Amidst the glorious nerdy fun that was Tuesday’s draft lottery was the underlying importance of the event to the NHL as a whole.
With all due respect to Erik Johnson, Steven Stamkos and Patrick Kane, determining the future whereabouts of John Tavares and Victor Hedman were of the utmost importance to a league riding considerable momentum and buzz in the sporting world.
And naturally, some of the worst-run teams in the NHL fraternity were on hand to lay some landmines for the best hockey league in the world.
But I’m happy to report the NHL made it out of the lottery largely unscathed. Sure, the best-case scenario wasn’t realized, but neither was the worst. What are my criteria for this? Naturally, good hockey situations for both players are paramount, but in a more big-picture way, marketing of said players is also crucial.
The NHL is getting lots of media play off Washington’s Alex Ovechkin and like him or not, having Sean Avery back on Broadway does wonders for league exposure, even if most of the time it’s scandalous.
With the New York Islanders winning the lottery and likely taking Tavares with the pick, the NHL gets a fresh new superstar with the on-ice potential of an Ovechkin or Sidney Crosby (off-ice J.T. is much closer to Crosby, personality-wise) and the geographic convenience of having him in the Big Apple. True, Long Island isn’t Manhattan, but the Isles get covered by all the same media outlets and with the NHL head office (not to mention a flagship retail store) in town, Tavares can help the league with his presence.
In landing the No. 2 selection, Tampa Bay gets to add another excellent young talent to its roster in Hedman and with a glut of top-six forwards, it’s probably best it worked out this way. Hedman loves to rush the puck and was successful in Modo this season because he was teamed up with defensive defenseman Mattias Timander. In Tampa, coach Rick Tocchet could pair him with Lukas Krajicek or, assuming he re-signs, Marek Malik.
So what would have been the best-case scenario for the NHL? Pretty simple: Colorado wins the lottery. The Avalanche may have been ruined by injury and managerial ineptness (Darcy Tucker and Andrew Raycroft didn’t work out? Really?) this season, but Denver is a great hockey market and the team has a history of excellence. Tavares could easily have learned the ropes from Joe Sakic as the classy superstar winds down his career (much like the Mario Lemieux-Crosby torch-passing) and the Avs would go forward with Tavares and Paul Stastny as their two No. 1 centers for the next decade.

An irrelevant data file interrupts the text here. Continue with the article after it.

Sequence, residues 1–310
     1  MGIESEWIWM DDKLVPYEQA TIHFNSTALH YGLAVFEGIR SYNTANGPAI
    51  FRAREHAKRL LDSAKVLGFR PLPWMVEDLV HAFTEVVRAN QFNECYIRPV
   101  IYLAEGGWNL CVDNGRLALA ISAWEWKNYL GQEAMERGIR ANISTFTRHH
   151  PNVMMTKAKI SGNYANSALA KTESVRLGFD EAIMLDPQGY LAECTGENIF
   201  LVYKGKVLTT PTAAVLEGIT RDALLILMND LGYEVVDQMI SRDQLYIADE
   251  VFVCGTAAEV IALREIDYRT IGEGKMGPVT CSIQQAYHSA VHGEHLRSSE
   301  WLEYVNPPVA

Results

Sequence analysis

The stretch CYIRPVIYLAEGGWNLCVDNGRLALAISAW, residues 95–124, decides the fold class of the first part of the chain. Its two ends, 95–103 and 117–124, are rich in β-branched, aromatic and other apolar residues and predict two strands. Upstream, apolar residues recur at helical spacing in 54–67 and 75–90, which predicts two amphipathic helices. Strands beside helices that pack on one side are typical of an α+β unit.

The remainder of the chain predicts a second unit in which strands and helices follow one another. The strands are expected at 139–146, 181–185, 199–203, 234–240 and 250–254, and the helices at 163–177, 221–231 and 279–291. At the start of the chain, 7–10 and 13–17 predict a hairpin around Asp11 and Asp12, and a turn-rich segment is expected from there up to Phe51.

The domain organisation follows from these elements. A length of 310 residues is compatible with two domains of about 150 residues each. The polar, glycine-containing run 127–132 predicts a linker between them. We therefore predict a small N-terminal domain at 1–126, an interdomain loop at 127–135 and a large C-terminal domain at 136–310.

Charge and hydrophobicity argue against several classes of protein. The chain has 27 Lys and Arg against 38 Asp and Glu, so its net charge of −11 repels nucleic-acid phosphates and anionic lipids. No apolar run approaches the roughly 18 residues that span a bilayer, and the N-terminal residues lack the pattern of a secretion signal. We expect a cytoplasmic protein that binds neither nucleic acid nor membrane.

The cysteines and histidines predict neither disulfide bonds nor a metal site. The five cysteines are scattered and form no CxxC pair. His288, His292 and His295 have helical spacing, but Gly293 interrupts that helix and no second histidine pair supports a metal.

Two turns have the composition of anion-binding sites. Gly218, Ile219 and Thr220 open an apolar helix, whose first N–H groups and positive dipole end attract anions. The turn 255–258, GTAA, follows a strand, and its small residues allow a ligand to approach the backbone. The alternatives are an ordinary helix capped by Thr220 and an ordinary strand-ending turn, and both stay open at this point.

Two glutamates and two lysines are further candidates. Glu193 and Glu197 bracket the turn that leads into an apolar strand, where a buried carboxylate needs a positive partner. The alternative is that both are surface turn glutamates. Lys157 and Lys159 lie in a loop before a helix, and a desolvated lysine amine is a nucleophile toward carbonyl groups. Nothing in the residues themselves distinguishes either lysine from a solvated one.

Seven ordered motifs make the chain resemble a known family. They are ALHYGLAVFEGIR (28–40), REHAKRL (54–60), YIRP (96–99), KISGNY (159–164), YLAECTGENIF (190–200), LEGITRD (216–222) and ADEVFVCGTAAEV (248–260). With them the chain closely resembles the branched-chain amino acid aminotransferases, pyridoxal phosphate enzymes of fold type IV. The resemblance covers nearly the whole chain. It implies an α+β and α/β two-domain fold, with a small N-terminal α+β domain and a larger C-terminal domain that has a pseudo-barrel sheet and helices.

Hedman then falls to the Isles, who can market the big Swede as the next Denis Potvin – they could even get Rangers fans to yell “Hedman Sucks!” Plus, in a recent interview, the Modo standout told me the first thing he thinks of when it comes to America is the yellow cabs of New York he has seen in movies. Point blank, he loves the town.
The worst-case scenario from a marketing perspective would have been Atlanta or Phoenix winning Tavares. The two teams have major ownership issues and play in cities where hockey is way down the list when it comes to sports fans.
And for Toronto GM Brian Burke – who has let his intentions to move up in the draft be known – the worst-case scenario came true. As much as he wants to pry Tavares away from the Islanders, I just can’t conceive of a package the Leafs could put together that would convince New York GM Garth Snow to part with a potential league superstar and face of a franchise that desperately needs one.
On the bright side, with the seventh pick, Burke will likely have the option of bringing Brayden Schenn into Toronto to join brother Luke.
Much like the lottery as a whole, it’s more than a satisfying conclusion.
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Ryan Kennedy is a writer and copy editor for The Hockey News magazine, the co-author of the book Hockey’s Young Guns and a regular contributor to THN.com. His blog appears Mondays and Wednesdays, his column – The Straight Edge – every Friday, and his features, The Hot List and Prep Watch appears Tuesdays and Thursdays.
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